"The Atkins diet is not a calorie-restricted diet"
By : Kapriz
The Induction phase of the Atkins diet is one of the most important stepping-stones to
successful weight loss. In addition to the list of acceptable foods, there are a few rules that are important to
follow during this period of the diet.
During Induction, you need to eat three regular-sized meals per day or four to five smaller meals. If you find
yourself jittery and hungry between meals, try breaking down your meals into smaller portions and eat more
frequently. In order to reduce carbohydrate cravings, you’ll need to constantly keep your body running on the
proteins and vegetables in the plan. Never skip meals and never go more than six waking hours without eating.
You can eat freely from the list of acceptable foods. Do not restrict your fats and proteins. Eat as much of them
as you like. Remember, the Atkins diet is not a calorie-restricted diet. The only thing you need to worry about is
your level of carbohydrate grams. Make sure to count your carbohydrate grams when you eat vegetables, cheese and
beverages with Splenda. At least 12-15 grams of your allowed carbohydrates should be from your vegetable list.
While it may be tempting to eat them all in cheese, vegetables are important to your digestive system (especially
while on this diet).
Avoid all fruit, bread, pasta, grains and starchy vegetables (like cauliflower or squash) during this initial
period. These foods will be slowly introduced throughout the course of the pre-maintenance phase. Although beans
are high in protein, they also include carbohydrates and should be avoided during this phase. If you feel that you
must have some grain products, you should limit yourself to high fiber low-carbohydrate products. However, this may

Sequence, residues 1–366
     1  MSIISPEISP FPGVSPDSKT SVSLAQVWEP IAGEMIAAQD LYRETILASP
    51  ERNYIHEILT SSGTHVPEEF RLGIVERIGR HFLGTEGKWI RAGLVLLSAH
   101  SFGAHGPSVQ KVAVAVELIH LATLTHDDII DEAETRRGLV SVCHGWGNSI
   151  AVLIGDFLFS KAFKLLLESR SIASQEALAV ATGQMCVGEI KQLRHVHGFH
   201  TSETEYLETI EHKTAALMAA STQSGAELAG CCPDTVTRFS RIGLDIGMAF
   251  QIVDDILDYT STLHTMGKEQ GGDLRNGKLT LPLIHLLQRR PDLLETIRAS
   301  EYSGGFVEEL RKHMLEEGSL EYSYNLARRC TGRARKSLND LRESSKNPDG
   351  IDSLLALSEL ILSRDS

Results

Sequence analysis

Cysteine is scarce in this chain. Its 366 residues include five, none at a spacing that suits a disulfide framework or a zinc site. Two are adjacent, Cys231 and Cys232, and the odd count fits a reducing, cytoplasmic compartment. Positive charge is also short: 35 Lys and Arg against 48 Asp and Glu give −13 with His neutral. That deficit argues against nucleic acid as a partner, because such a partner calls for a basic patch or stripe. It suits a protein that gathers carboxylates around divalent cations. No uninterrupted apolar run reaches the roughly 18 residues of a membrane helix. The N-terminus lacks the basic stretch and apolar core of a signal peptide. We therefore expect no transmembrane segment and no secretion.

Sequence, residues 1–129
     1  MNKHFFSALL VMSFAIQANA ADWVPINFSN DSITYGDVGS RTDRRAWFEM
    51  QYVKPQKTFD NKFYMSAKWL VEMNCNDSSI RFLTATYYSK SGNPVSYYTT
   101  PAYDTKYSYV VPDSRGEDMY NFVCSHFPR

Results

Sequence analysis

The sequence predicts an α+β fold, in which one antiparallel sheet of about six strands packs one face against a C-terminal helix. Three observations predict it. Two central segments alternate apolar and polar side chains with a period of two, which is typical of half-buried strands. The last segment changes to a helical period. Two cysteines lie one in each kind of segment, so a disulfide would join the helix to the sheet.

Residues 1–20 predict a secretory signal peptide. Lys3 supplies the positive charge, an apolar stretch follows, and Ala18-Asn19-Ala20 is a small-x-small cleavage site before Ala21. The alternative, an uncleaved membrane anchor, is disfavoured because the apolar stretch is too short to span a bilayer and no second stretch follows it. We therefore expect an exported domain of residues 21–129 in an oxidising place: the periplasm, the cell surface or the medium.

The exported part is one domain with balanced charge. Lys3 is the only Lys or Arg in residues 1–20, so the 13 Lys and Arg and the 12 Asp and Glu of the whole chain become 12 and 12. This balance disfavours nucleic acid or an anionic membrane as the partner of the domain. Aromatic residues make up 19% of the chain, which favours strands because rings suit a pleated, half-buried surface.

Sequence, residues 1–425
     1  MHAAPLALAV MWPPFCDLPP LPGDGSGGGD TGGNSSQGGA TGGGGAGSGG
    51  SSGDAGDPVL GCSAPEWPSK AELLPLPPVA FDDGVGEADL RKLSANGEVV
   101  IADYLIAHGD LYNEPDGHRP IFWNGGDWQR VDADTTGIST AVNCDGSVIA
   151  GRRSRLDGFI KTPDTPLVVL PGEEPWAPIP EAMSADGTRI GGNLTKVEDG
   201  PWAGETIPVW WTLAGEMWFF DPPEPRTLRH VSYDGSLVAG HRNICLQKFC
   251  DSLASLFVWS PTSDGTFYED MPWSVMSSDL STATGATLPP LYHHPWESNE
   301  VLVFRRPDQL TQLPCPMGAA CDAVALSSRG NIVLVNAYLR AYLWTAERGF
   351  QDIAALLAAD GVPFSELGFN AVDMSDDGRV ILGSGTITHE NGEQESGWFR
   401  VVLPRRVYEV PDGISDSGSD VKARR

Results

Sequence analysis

slow down your weight loss process.
Anything that isn’t on the acceptable food list is forbidden during the Induction phase. Don’t be tempted to just
have “one bite.” Your one bite may turn into two, and then before you know it you’ll end up ruining your diet.
Remember to adjust the quantity of acceptable foods to suit your appetite. At the beginning of the Induction phase,
you may find yourself eating much, much more than you will toward the end of the phase. As your body breaks its
addiction to sugar and carbohydrates, you will be less hungry throughout the day. When this starts to happen, make
sure to eat only what you need. Eat until you are satisfied and not overly stuffed.
Always read the labels of packaged products, even if they claim they are “carb free.” You may find that some
products have hidden carbohydrates. The law allows manufacturers to round off to zero if a product has fewer than
.5 grams of carbohydrates. Look at the list of ingredients for manufactured products to determine if there are
hidden carbs. You’ll also need to watch out for hidden carbohydrates when you eat out. There are small carbohydrate
amounts in gravies, sauces and salad dressings. The best bet is to eat your meat without sauce and eat your salad
with olive oil and vinegar dressing.
Remember to drink 8 eight-ounce glasses of water, in addition to anything else you might drink. This will keep your
body hydrated and help you avoid constipation. You’ll also be able to flush out the by-products created by fat
Keep all of these guidelines in mind when you start the induction phase and you’ll be setting yourself up for
long-term success with the diet.
Buttons will be added here
is a site for the family and publish
information about health, beaty, fashion, parenthood, education, hobbies, self improvement, motivation and much more.